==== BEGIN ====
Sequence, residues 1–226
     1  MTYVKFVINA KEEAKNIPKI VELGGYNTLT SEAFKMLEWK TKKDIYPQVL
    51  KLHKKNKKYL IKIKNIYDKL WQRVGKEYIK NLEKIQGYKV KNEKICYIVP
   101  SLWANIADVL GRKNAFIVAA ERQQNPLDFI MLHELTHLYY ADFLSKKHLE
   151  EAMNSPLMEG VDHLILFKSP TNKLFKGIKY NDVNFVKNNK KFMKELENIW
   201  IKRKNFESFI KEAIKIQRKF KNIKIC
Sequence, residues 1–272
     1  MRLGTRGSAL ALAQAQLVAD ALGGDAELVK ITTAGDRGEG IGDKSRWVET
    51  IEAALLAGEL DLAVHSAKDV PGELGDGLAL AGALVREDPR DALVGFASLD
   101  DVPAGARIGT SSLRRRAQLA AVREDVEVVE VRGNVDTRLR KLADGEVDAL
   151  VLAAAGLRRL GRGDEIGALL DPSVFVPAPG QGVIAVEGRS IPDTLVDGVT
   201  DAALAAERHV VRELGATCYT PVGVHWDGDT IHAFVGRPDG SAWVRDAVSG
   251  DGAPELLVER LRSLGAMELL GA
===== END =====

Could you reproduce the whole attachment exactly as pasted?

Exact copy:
Sequence, residues 1–226
     1  MTYVKFVINA KEEAKNIPKI VELGGYNTLT SEAFKMLEWK TKKDIYPQVL
    51  KLHKKNKKYL IKIKNIYDKL WQRVGKEYIK NLEKIQGYKV KNEKICYIVP
   101  SLWANIADVL GRKNAFIVAA ERQQNPLDFI MLHELTHLYY ADFLSKKHLE
   151  EAMNSPLMEG VDHLILFKSP TNKLFKGIKY NDVNFVKNNK KFMKELENIW
   201  IKRKNFESFI KEAIKIQRKF KNIKIC
Sequence, residues 1–272
     1  MRLGTRGSAL ALAQAQLVAD ALGGDAELVK ITTAGDRGEG IGDKSRWVET
    51  IEAALLAGEL DLAVHSAKDV PGELGDGLAL AGALVREDPR DALVGFASLD
   101  DVPAGARIGT SSLRRRAQLA AVREDVEVVE VRGNVDTRLR KLADGEVDAL
   151  VLAAAGLRRL GRGDEIGALL DPSVFVPAPG QGVIAVEGRS IPDTLVDGVT
   201  DAALAAERHV VRELGATCYT PVGVHWDGDT IHAFVGRPDG SAWVRDAVSG
   251  DGAPELLVER LRSLGAMELL GA